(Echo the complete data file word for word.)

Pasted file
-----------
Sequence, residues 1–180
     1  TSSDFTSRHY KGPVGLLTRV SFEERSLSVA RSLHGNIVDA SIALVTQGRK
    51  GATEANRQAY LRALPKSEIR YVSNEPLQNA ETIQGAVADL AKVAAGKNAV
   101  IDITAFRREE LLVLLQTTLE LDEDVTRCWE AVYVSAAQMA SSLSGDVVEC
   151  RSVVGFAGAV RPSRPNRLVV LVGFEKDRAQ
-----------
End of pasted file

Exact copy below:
Sequence, residues 1–180
     1  TSSDFTSRHY KGPVGLLTRV SFEERSLSVA RSLHGNIVDA SIALVTQGRK
    51  GATEANRQAY LRALPKSEIR YVSNEPLQNA ETIQGAVADL AKVAAGKNAV
   101  IDITAFRREE LLVLLQTTLE LDEDVTRCWE AVYVSAAQMA SSLSGDVVEC
   151  RSVVGFAGAV RPSRPNRLVV LVGFEKDRAQ